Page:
Sun. Jan 22nd, 2023


In general terms, a cache is used to allow frequently used information to be stored locally in order to speed up processing. For example, a cache is used:

  • In a web browser – when you visit a web page, the content is saved locally on your computer so that if you revisit the page later, large files can be simply reloaded locally rather than downloaded again. This is used extensively with images, CSS and javascript files.
  • On a web server – if a web server needs to fetch information from a database in order to serve pages to clients, but that information is the same for multiple requests, the server could be programmed to cache the results of the database queries locally, so that subsequent requests can use the cached information rather than requesting the information from the database server every time it is needed. It is always faster to load a resource locally than it is to request it from a remote source

The principle outlined above (keep frequently used information close) is applied in processor design too.

Cache in CPUs

CPUs simply loop around the Fetch-Decode-Execute-Store cycle. They can operate at speeds of billions of operations per second.

Although RAM is extremely fast in comparison to secondary storage, it is still orders of magnitude slower than the CPU.

Without cache memory, the CPU would spend a significant proportion of its time waiting for data and instructions to be fetched from the system RAM, which would create a performance bottleneck.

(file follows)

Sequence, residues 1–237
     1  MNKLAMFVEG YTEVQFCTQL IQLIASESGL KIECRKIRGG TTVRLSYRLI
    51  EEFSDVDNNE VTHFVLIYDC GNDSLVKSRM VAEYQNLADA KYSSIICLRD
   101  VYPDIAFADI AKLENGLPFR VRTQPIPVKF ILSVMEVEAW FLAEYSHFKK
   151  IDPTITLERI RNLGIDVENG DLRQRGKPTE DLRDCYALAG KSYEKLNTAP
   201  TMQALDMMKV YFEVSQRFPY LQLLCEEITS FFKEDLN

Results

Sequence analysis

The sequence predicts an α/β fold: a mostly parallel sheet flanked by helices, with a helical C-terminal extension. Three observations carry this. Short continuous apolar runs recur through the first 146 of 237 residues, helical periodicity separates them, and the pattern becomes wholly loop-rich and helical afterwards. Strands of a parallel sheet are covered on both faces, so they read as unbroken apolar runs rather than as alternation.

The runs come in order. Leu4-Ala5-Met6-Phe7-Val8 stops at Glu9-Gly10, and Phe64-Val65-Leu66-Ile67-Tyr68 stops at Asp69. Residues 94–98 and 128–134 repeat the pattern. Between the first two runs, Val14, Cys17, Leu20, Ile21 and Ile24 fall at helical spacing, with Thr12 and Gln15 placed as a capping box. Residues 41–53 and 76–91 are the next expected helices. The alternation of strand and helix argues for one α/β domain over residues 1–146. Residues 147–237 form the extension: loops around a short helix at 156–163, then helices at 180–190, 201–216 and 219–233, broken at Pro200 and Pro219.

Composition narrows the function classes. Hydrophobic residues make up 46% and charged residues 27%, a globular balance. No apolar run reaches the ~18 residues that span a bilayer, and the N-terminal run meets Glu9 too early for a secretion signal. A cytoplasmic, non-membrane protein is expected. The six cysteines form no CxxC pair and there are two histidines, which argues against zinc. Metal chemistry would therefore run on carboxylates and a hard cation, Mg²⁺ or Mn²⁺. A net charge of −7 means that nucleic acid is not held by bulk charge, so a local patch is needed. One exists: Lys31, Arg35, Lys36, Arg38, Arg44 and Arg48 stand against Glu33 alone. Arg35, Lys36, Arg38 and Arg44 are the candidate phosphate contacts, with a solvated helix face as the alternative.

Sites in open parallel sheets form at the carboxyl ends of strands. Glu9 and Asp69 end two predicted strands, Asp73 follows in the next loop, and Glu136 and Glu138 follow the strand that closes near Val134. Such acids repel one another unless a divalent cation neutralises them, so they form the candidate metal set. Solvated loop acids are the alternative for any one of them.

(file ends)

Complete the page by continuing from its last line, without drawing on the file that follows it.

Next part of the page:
CPUs solve this problem through a tiered system of cache memory.

The diagram above shows that each core of a CPU has a small amount of L1 (Level 1) cache. This is made from SRAM (a much faster version of memory than the DRAM used for system memory), and operates at the same frequency as the CPU core.

In addition, each core also has a larger amount of L2 (Level 2) cache, which is shared between the cores on that CPU.

It is also common to find designs where each core has its own L1 and L2 cache, and each CPU then has a L3 cache which is shared between cores.

Whatever the design, the principle of operation is the same: instead of fetching individual pieces of information from RAM, blocks are fetched and stored in the cache. The more frequently or recently it is used (or, expected to be used), the closer to the core the data is moved, into the fastest cache. This means the CPU no longer has to wait when reading or storing values and instructions, and provides a huge performance boost to the system.

You can read more here [Extremetech].